A friend alerted me to an essay called, “What Are You Going To Do With That?” by William Deresiewicz. Deresiewicz—who, I should mention, has just reached Ed Nerd Hero status—taught English at Yale for ten years. The essay was adapted from a speech to Stanford freshmen in May, 2010. The message was for students to have “moral imagination” to, basically follow their bliss.
Deresiewicz uses the term “moral” to mean having a choice. He encourages the freshmen to embrace their “moral freedom” to decide on a path right for them: painter; musician; economist; doctor; engineer. However, they are to choose with full volition of the necessary losses involved and to “resist the seductions of the cowardly values our society has come to prize so highly: comfort, convenience, security, predictability, control.”
The essay recounts the seemingly pre-destined events leading to the sure success awaiting the students. Parents, teachers, and peers nurture a series of self-fulfilling prophecies: the best schools; special lessons; competitions; awards. Then, students “get into” Stanford and “go from being a political-science major to being a lawyer to being a corporate attorney to being a corporate attorney focusing on taxation issues in the consumer-products industry.” He says there is nothing wrong with any of those things, individually. However, the focus on specialization “cuts you off, not only from everything else in the world, but also from everything else in yourself.” And then the midlife crisis hits.
I love the message. However, what happens when these people have children? Will they go against the grain of what parents, peers, and society call for when raising a child? That is, will they push their kids into the best schools, special lessons, and competition? Is there any way to combat “the cowardly values our society has come to prize so highly?” Will the cycle be broken?
I do not think I am wrong when I say that capital is amoral. I use the term amoral to mean without any sense of right or wrong. I do not think it is wrong for me to say that corporations are amoral entities—potentially immortal and devoted to the accumulation of capital. I think I am right to say that corporations are amoral entities with the rights of personhood which were granted in the 1886 Supreme Court case Santa Clara County vs. Southern Pacific Railroad.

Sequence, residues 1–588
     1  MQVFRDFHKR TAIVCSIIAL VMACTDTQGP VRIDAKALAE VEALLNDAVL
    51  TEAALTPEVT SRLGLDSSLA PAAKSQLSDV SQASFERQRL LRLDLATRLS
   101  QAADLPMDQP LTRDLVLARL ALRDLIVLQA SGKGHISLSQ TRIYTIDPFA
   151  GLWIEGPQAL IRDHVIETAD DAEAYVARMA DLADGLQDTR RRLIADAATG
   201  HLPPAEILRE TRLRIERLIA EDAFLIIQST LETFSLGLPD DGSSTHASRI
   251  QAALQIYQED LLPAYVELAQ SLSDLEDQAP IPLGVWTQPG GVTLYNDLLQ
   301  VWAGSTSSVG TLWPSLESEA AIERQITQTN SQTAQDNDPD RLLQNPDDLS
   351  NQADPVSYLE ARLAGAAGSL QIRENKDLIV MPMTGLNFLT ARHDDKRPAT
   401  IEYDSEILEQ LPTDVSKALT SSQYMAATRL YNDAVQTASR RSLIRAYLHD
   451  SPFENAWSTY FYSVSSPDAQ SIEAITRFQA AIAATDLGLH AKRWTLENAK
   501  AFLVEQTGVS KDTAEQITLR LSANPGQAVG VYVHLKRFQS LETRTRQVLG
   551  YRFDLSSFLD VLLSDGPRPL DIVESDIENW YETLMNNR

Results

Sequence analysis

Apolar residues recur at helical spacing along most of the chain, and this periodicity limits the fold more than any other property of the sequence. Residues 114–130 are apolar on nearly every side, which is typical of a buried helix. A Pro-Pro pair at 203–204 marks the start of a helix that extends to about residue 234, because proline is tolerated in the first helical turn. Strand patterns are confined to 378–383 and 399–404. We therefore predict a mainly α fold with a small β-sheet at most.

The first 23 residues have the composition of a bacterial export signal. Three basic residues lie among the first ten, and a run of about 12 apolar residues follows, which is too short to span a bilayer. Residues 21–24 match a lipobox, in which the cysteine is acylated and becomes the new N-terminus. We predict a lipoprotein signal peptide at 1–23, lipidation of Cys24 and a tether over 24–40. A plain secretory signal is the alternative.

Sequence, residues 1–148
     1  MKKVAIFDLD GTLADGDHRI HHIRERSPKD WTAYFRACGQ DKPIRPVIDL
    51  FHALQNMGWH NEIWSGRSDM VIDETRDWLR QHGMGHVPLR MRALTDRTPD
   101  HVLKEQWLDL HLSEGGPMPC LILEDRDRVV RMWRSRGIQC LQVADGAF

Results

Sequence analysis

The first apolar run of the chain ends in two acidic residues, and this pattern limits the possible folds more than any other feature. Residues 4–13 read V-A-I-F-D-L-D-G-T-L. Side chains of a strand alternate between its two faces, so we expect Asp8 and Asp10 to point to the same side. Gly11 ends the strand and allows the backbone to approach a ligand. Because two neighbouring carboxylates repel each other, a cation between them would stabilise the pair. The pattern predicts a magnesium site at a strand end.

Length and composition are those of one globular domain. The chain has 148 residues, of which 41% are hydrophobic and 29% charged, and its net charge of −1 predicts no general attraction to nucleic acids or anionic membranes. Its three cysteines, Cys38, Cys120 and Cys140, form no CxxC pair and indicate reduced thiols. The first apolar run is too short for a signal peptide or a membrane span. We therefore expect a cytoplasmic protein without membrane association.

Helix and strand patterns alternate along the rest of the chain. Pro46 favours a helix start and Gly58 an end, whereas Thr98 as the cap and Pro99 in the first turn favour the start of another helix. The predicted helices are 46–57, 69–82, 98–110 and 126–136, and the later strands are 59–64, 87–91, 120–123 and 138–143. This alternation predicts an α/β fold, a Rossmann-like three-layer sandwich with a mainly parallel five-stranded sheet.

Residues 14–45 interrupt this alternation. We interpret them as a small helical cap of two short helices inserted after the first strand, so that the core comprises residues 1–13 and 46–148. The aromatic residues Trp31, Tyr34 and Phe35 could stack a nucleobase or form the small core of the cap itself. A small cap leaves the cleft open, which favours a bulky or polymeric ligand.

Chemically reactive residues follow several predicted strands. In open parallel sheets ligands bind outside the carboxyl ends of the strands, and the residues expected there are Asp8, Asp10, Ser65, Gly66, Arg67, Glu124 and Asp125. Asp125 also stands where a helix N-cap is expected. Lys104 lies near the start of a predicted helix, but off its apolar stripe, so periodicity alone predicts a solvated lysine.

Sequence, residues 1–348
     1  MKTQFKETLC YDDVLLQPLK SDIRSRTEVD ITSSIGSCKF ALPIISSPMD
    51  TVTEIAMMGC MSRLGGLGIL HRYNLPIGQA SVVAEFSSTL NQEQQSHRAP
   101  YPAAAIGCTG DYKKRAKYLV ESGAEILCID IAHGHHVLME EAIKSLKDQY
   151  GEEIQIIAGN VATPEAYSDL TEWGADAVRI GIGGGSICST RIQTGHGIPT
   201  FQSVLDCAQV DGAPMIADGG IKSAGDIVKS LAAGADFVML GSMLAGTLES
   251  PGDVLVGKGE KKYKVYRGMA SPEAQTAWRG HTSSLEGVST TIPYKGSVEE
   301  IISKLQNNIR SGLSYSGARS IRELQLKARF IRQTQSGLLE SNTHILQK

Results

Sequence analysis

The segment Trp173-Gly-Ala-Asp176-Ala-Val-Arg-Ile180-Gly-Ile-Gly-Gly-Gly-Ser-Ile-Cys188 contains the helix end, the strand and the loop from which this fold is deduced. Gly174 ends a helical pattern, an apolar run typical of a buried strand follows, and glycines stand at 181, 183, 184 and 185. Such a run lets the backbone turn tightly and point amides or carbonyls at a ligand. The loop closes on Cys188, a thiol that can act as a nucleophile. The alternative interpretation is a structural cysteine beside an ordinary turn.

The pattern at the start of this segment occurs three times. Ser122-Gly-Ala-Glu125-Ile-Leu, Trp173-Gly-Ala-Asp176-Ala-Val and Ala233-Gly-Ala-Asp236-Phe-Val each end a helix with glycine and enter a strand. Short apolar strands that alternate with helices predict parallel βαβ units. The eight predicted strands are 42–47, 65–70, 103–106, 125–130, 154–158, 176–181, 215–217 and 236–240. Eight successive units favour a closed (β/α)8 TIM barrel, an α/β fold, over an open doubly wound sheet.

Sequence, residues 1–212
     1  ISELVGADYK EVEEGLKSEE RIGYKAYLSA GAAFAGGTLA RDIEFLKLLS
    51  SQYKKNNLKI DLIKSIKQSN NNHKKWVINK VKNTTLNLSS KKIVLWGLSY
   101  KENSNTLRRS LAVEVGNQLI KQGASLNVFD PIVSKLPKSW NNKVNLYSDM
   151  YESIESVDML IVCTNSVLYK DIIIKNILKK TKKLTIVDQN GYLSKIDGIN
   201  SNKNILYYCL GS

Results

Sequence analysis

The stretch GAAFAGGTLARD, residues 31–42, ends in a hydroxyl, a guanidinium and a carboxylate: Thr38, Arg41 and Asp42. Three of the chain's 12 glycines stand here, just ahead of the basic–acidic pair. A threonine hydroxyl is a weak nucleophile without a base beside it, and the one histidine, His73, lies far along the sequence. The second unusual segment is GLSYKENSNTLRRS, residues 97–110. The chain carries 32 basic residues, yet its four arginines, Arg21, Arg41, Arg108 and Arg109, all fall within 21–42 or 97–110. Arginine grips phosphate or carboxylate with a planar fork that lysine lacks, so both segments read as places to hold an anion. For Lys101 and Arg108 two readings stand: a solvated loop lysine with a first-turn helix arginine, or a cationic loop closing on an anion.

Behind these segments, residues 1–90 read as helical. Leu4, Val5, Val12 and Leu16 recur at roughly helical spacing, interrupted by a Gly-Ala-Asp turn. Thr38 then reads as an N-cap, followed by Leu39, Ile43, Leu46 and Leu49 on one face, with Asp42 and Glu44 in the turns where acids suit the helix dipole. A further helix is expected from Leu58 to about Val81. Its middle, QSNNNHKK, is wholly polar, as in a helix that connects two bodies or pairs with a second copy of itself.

In his book, Life, Inc., Douglas Rushkoff says that a clerk (a CLERK!!!) included an ‘oh, by the way’ statement—called an obiter dictum—in the decision that effectively granted personhood to corporations thereafter. “The elevation of corporations to personhood,” writes Rushkoff, “was accompanied by a slow, corresponding devolution of human beings to something less than personhood.”
The president of Southern Pacific Railroad at that time was one Leland Stanford. Stanford also happened to be a United States Senator and a former governor of California. Leland Stanford, like pretty much every other robber baron, gave a sizable amount of his fortune to fund education, from the public model to the elite universities.
So leading industrialists funded public schools—at once gifts to the working class and powerful tools for growing a more docile labor force. They hired education reformers, like Stanford’s Ellwood P. Cubberley [Ed. Crazy, huh?!], to design a public school system based on a Prussian method that sought to produce what he called “mediocre intellects…and ensure docile citizens.” Cubberley modeled our public schools after “factories, in which the raw product [the children] are to be shaped and fashioned…according to the specifications laid down.”
–Rushkoff, Life, Inc.
I cannot, for the life of me, understand why Rushkoff did not explore this line of inquiry further given the premise of his book. I guess he wanted to get to the part where he joined a farm cooperative and started a babysitting club that illustrated how alternative currencies could work. I think this was his proposed solution to end the vicious cycle of corporate encroachment.
In an earlier essay titled “The Disadvantages of an Elite Education,” Deresiewicz wrote the “liberal arts university is becoming the corporate university, its center of gravity shifting to technical fields where scholarly expertise can be parlayed into lucrative business opportunities.” Yet, Deresiewicz would suggest that students can have the “moral imagination” to eschew those cowardly values embodied in the corporate university. He says there are many choices after entering a Starbucks. One of the least considered is turning around and leaving. William Deresiewicz implies that students might consider their choice of university in the same way. For that, he is a heretic—therefore, a hero.